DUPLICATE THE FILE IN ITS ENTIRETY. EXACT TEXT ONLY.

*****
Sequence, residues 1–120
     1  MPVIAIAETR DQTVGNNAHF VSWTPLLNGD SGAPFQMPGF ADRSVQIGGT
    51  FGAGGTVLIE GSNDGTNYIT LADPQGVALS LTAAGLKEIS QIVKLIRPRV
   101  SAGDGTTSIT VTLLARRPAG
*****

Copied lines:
Sequence, residues 1–120
     1  MPVIAIAETR DQTVGNNAHF VSWTPLLNGD SGAPFQMPGF ADRSVQIGGT
    51  FGAGGTVLIE GSNDGTNYIT LADPQGVALS LTAAGLKEIS QIVKLIRPRV
   101  SAGDGTTSIT VTLLARRPAG